Friday, May 20, 2016

Heaven and Earth OST (1993) - Kitaro

Review #20

Artiste:  Kitaro
Year:  1993
Genre:  Soundtrack / New Age / World
Duration:  58min
Label:  Geffen Records
Format:  CD

  1. ‘Heaven and Earth (Land Theme)’ – 7:38
  2. ‘Sau Dau Tree’ – 3:37
  3. ‘Ahn & Lee Ly Love Theme’ – 4:55
  4. ‘Saigon Reunion’ – 5:48
  5. ‘Arvn’ – 3:41
  6. ‘Sau Nightmare’ – 0:58
  7. ‘V.C. Bonfire’ – 0:47
  8. ‘Trong Com’ – 0:43
  9. ‘Ahn’s House’ – 6:26
  10. ‘Destiny’ – 1:13
  11. ‘Last Phone Call’ – 1:40
  12. ‘A Child Without a Father’ – 2:04
  13. ‘Village Attack/The Arrest’ – 1:21
  14. ‘Walk to the Village’ – 2:59
  15. ‘Steve’s Ghosts’ – 1:31
  16. ‘Return to Vietnam’ – 2:04
  17. ‘Heaven and Earth (End Title)’ – 10:27

While regarded as one of the pioneers of the new age music genre, Kitaro is also no stranger to scoring for film and television.  His music for the ‘Silk Road’ series by NHK in the early 1980s yielded four astonishing albums.  A decade on, he would compose the music for Heaven and Earth (1993), the final picture of Oliver Stone’s unofficial ‘Vietnam War’ trilogy.  

Kitaro won the Golden Globe for Best Original Score, which came rather unexpectedly, especially in a year that saw John Williams produced what was arguably his finest score for Schindler’s List (1993).  His work for Heaven and Earth remains to be one of the most accomplished endeavours of his illustrious career.  

Building from the symphonic sound of his massively-popular 1990 album Kojiki, his music here shows both dynamism and sensitivity as the melodies and arrangements echo the style of a traditional film score, yet are uniquely elevated by his penchant for using Asian instruments—our ears bear witness to the exquisite if sad sounds of the huqin (a kind of Chinese violin) in several tracks, and the powerful Taiko drums in ‘Arvn’ and ‘Village Attack/The Arrest’.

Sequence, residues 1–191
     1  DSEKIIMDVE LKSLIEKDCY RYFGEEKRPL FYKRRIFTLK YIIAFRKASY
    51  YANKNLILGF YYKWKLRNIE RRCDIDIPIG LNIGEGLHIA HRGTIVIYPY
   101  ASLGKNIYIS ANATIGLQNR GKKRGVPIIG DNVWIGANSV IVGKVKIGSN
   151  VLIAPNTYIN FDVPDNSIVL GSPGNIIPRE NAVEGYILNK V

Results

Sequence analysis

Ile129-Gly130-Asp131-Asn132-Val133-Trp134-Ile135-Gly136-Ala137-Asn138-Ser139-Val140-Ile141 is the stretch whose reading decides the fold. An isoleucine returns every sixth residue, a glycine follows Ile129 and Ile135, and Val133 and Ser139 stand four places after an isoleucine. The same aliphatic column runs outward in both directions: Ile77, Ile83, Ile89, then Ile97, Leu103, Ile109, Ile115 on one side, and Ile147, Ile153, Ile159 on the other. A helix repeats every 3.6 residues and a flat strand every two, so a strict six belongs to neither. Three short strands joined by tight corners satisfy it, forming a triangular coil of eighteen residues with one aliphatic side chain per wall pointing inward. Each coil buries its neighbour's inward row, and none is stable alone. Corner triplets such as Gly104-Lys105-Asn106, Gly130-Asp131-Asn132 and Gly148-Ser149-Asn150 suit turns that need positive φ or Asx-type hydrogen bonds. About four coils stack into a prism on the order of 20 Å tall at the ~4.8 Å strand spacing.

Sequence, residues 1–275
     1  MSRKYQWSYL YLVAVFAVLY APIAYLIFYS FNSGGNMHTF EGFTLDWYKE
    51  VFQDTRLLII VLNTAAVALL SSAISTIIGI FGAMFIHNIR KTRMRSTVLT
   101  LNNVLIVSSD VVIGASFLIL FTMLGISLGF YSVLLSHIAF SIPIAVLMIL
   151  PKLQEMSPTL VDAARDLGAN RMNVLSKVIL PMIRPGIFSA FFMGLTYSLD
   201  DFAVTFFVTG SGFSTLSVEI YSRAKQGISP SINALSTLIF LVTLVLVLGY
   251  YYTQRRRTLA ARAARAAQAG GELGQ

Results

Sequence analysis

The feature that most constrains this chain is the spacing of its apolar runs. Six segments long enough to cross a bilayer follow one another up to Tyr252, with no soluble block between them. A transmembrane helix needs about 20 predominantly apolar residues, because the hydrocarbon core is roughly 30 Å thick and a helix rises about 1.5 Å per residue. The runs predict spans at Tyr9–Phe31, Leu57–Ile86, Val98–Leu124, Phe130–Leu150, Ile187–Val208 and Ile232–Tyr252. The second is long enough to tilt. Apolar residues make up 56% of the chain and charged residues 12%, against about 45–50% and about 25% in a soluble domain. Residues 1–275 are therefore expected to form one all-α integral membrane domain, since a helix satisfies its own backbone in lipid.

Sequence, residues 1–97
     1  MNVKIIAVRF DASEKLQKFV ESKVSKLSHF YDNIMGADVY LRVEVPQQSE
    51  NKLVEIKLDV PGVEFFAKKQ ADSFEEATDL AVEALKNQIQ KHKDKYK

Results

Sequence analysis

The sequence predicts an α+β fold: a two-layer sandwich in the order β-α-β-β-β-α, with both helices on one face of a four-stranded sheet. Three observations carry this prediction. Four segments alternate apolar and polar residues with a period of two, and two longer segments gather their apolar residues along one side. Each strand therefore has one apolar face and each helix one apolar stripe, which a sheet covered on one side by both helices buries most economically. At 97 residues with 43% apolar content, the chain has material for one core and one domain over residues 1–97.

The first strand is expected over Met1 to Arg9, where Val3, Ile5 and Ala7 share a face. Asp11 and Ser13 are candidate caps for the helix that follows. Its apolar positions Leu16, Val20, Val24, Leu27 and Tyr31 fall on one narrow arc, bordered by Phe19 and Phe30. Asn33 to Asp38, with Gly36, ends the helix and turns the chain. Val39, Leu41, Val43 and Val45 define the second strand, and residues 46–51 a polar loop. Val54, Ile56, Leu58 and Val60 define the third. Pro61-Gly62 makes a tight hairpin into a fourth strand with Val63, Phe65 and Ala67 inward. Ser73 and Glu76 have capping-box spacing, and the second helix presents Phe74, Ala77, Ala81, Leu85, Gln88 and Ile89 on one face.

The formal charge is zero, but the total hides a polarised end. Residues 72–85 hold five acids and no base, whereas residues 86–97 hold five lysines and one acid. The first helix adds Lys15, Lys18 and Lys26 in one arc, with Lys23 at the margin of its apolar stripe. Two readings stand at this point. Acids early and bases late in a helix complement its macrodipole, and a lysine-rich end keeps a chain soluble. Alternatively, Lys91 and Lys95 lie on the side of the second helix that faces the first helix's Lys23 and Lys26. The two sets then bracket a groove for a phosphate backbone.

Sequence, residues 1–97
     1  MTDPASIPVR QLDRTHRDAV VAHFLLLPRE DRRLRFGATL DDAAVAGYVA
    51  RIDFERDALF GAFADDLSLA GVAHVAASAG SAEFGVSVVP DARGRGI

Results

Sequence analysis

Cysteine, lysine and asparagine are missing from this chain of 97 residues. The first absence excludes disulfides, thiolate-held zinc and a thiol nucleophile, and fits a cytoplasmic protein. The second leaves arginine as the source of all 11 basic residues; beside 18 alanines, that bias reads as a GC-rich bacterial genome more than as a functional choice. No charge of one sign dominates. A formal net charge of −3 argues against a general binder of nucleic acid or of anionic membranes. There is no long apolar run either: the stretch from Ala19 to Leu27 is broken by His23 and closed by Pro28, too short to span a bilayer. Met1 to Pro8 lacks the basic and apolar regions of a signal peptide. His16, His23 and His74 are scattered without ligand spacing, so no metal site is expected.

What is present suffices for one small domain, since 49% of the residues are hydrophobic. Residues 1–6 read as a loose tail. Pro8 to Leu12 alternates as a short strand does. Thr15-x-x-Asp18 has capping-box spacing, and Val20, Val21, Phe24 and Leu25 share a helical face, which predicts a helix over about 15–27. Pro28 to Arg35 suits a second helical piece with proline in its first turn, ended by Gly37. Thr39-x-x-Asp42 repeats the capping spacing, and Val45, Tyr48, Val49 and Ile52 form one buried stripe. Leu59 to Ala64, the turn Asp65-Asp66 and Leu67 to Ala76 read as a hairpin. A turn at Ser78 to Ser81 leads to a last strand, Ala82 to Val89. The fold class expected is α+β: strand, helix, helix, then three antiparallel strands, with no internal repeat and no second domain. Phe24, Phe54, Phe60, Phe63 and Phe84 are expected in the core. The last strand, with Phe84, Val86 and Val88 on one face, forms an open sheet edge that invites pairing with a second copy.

The synthesized sounds of what seem like the Japanese koto and flute are also brilliantly integrated with the orchestra, particularly in the stunning first track, ‘Heaven and Earth (Land Theme)’. 

‘Saigon Reunion’ - A very powerful orchestral piece that depicts the destruction and tragedy of war.  This is one of Kitaro’s most haunting pieces.

‘Arvn’ – Starts off as if an army of tanks is barraging towards you, and very much captures the uncompromising nature of war, this largely percussive piece features Taiko drumming by Kitaro and a sharp, piercing flute melody.

‘Ahn’s House’ – A sad if beautiful theme performed by the huqin gives way to voice work by Hiep Thi Le, before escalating into a bout of ominous drumming.  It returns to the theme again, this time played at a lower octave.  Superb arrangement.

‘Heaven and Earth (End Title)’ – The final track of the album is an epic one, bringing all the themes together in one last hurrah.  Masterfully arranged and performed, this is one of Kitaro’s finest moments.

Reviewed on Luxman Stereo Integrated Amplifier A-383, Marantz Compact Disc Player CD-63SE, and a pair of 1973 New Advent Loudspeakers.

Sound Quality: Excellent recording with dynamic sound


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